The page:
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Page last updated at 10:04 GMT, Thursday, 8 May 2008 11:04 UK

Putin confirmed as new Russian PM

Russian President Dmitry Medvedev (right) with Russian Prime Minister Vladimir Putin, 8 May 08
President Medvedev (right) plans to work "in tandem" with PM Putin

Russia's parliament has overwhelmingly approved former President Vladimir Putin as the new prime minister.

He handed over to Dmitry Medvedev on Wednesday - his chosen successor, who was elected president in March.

The State Duma (lower house) voted 392-56 in favour of Mr Putin. His United Russia bloc dominates the house.

In a speech just before the vote, Mr Putin told parliament that he would strive for "single-digit inflation within a few years".

He said Russia could overtake the UK in terms of GDP this year, becoming the world's sixth-largest economy. Reducing the tax burden and widening the shareholder class were further priorities, he said.

Within hours of being sworn in on Wednesday, Mr Medvedev had nominated Mr Putin, his mentor, as prime minister.

Analysts say the powers of the prime minister will expand under Mr Putin, and he may in effect govern Russia jointly with the president.

Mr Medvedev told the deputies: "I don't think anyone doubts that our tandem, our co-operation will only strengthen."

Economic ambitions

Mr Putin, a 55-year-old former KGB agent, was barred by the constitution from running for a third consecutive presidential term in the March elections.

The question of who wields the real power in the Kremlin will continue to fascinate, puzzle and perplex, the BBC's James Rodgers in Moscow says.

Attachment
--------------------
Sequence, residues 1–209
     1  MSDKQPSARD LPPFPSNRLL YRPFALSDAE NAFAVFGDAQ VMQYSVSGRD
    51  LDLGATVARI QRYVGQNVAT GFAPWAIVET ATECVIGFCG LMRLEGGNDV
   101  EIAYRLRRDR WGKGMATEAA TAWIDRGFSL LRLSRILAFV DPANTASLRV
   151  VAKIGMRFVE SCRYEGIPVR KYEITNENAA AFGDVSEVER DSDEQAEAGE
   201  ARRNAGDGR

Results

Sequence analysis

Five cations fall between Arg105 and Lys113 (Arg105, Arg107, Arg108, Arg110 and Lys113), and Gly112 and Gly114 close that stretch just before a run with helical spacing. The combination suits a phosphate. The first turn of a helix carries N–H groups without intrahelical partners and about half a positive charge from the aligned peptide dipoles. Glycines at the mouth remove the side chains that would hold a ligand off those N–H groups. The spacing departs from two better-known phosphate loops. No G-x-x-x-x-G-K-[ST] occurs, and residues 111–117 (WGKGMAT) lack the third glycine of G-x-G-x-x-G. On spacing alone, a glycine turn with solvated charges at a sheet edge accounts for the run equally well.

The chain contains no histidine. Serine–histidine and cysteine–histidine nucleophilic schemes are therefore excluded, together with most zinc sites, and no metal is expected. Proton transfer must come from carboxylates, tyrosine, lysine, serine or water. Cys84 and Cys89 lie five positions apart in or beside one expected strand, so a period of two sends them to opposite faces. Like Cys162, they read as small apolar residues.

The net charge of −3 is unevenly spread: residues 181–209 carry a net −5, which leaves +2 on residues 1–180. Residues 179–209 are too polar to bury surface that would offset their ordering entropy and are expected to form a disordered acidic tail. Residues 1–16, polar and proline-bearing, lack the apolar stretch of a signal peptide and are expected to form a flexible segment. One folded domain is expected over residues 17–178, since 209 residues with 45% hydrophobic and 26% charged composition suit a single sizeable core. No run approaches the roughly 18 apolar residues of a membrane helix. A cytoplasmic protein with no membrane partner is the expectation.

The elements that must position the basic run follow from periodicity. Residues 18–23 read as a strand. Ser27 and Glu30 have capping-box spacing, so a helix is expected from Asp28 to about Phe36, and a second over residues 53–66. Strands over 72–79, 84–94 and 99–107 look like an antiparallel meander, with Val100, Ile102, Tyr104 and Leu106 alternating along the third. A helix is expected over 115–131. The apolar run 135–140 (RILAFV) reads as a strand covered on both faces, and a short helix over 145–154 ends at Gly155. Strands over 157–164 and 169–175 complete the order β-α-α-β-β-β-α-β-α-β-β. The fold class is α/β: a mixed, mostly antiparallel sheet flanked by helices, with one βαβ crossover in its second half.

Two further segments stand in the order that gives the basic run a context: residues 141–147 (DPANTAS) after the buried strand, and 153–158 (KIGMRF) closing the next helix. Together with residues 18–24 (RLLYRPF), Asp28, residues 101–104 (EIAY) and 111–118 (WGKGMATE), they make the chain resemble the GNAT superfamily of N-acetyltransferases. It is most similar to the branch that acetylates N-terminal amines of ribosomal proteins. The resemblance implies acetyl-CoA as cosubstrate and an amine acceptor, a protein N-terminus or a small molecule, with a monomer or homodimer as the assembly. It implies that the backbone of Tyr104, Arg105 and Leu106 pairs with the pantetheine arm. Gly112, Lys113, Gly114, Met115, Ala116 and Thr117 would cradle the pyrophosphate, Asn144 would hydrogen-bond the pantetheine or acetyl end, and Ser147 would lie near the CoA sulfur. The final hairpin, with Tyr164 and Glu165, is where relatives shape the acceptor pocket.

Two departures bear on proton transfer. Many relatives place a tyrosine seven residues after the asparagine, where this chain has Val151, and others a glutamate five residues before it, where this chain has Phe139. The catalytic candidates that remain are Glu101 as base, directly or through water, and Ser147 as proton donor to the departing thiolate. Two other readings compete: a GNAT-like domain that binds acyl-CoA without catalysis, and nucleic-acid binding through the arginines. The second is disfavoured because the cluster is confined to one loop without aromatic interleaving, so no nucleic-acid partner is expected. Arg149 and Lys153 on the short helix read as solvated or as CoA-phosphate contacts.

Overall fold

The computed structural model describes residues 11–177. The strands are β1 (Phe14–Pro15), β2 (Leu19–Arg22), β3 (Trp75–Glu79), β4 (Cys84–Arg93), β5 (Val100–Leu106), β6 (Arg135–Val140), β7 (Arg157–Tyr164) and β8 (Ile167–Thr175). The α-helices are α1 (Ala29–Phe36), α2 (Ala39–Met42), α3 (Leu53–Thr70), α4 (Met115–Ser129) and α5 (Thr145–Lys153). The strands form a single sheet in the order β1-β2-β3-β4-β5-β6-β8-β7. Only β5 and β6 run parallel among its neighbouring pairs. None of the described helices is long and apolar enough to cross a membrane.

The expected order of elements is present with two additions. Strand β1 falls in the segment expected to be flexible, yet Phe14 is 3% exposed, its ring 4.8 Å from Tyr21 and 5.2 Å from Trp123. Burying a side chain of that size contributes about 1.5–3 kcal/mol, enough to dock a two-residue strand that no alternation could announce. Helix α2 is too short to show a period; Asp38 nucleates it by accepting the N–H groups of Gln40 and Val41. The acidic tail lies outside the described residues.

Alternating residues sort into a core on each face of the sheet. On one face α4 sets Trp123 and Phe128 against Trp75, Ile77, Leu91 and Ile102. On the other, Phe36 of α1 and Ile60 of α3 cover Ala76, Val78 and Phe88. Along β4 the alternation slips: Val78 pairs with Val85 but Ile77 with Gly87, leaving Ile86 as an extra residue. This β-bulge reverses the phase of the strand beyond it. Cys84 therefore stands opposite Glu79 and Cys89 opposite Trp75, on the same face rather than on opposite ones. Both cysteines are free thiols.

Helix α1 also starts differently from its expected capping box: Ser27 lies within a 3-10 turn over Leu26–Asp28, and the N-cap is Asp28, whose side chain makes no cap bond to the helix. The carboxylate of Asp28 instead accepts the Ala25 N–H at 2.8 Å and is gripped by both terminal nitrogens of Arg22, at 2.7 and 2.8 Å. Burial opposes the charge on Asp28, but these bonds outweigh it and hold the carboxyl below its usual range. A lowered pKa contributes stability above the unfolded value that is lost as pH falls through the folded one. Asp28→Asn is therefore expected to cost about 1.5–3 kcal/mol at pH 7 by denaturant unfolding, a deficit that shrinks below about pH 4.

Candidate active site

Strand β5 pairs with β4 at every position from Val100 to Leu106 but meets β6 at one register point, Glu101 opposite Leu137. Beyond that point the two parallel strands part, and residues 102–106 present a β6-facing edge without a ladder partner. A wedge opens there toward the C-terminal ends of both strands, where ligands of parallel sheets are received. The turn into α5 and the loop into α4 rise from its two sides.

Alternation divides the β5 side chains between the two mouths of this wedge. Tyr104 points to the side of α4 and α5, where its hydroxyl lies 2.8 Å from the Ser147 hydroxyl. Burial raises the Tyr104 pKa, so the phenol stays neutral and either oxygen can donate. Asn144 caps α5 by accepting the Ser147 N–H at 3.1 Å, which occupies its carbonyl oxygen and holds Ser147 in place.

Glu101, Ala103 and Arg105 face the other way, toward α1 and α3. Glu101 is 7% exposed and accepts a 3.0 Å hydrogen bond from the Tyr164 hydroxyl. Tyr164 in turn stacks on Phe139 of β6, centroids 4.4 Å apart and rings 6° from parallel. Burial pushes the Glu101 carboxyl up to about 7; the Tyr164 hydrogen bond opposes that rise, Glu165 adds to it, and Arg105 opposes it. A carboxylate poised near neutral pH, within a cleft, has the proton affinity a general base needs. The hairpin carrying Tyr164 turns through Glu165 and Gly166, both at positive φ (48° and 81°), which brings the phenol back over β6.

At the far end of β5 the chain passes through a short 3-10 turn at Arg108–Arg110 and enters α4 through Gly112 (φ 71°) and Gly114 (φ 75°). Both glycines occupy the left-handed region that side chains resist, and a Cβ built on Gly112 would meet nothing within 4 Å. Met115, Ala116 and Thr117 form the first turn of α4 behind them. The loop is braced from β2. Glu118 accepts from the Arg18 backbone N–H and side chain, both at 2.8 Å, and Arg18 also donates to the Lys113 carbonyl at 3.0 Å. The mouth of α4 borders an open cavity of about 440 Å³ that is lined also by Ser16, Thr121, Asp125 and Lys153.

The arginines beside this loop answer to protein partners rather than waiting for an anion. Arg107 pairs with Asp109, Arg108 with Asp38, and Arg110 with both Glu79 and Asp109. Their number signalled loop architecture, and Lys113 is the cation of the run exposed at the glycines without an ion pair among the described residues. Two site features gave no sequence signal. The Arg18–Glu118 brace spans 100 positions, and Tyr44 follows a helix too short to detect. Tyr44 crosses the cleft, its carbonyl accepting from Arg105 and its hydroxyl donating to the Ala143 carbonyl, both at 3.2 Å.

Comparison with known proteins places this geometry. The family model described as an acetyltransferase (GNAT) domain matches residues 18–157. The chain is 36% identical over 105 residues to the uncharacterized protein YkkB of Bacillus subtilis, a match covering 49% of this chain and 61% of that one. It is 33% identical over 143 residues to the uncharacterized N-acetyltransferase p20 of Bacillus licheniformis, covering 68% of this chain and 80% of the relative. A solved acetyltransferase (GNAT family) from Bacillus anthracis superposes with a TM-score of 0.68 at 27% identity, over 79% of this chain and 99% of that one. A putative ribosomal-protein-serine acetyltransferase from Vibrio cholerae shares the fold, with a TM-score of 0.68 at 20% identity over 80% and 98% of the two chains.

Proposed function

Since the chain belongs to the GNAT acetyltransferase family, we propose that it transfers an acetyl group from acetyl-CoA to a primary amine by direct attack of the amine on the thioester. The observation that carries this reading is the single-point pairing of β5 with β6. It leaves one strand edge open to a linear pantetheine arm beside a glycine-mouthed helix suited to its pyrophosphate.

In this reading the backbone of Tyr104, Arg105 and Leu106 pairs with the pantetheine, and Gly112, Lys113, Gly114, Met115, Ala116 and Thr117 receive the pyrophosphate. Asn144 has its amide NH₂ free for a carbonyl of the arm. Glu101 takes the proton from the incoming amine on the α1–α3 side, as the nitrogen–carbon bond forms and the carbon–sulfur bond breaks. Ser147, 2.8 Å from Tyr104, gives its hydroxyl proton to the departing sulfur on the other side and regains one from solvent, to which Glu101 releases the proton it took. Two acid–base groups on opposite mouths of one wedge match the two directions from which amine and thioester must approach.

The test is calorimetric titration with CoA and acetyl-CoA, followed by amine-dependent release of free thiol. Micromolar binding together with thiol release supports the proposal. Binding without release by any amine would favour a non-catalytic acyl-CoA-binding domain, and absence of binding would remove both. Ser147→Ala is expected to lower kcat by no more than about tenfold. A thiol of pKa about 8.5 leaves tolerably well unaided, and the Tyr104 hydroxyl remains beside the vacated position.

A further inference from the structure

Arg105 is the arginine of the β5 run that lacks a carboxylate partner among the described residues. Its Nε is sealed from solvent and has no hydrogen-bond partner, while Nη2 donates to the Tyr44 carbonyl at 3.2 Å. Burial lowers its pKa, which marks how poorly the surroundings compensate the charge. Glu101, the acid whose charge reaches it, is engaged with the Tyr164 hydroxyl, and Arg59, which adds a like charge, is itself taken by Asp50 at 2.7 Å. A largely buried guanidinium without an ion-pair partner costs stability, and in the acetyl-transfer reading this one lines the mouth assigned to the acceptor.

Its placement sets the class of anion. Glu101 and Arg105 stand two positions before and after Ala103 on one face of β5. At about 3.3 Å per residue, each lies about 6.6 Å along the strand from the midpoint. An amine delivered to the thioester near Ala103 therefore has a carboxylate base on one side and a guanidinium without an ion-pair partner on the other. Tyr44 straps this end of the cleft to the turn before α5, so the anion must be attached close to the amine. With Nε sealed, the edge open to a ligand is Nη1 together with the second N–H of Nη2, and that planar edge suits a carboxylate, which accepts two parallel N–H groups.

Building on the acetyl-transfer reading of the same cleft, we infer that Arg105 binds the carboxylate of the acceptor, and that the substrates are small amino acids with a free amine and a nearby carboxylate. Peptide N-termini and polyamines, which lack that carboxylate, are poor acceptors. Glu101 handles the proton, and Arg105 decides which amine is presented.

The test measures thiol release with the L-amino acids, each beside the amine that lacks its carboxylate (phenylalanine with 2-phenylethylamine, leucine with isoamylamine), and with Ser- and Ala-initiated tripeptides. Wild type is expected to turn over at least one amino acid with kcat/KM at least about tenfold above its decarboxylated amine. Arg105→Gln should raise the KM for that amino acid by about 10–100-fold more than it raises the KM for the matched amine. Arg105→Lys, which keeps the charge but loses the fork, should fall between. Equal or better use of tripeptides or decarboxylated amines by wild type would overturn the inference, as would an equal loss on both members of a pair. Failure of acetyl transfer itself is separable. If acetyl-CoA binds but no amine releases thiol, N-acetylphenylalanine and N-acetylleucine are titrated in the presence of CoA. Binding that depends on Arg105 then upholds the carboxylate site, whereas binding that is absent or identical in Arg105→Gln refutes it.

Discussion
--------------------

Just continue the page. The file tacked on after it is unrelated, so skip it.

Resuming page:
Mr Putin will remain Russia's most popular politician for the foreseeable future, which will give him huge influence over the man he mentored as his successor, our correspondent says.

In his speech to the Duma on Thursday, Mr Putin said that "to stimulate an increase in production and refining of oil, it is time to cut the tax burden in that sector".

He said Russia must rank with the world's leading nations on key indicators such as levels of income and social welfare, quality of education, health and life expectancy.

He also spoke of the need to create "a real mass class of investors", saying even people on modest incomes should be able to hold shares.

Reform battles

But the BBC's Russia analyst Steven Eke says Mr Putin's tasks will be difficult and politically fraught.

On the eve of Victory Day - which marks the Soviet triumph in World War II - he promised decent housing for the dwindling numbers of war veterans.

But previous attempts to reform social benefits have led to anti-government demonstrations, which prompted Mr Putin to postpone some unpopular economic decisions, our analyst writes.

According to international lawyer Robert Amsterdam, who defended jailed Yukos boss Mikhail Khodorkovsky, President Medvedev may still have some tough battles to fight in the Kremlin.

"There is a clan contest going on at the highest levels in Russia, there are different groups that control various aspects of Russian policy... there are hardline groups challenging Mr Medvedev even at this point," he told the BBC News website.

Mr Medvedev will seek to improve Russia's image abroad, he predicted, as "there is a tremendous need that many in the elite see to move closer to the West". One motivating factor is a desire to accumulate Western assets, he added.


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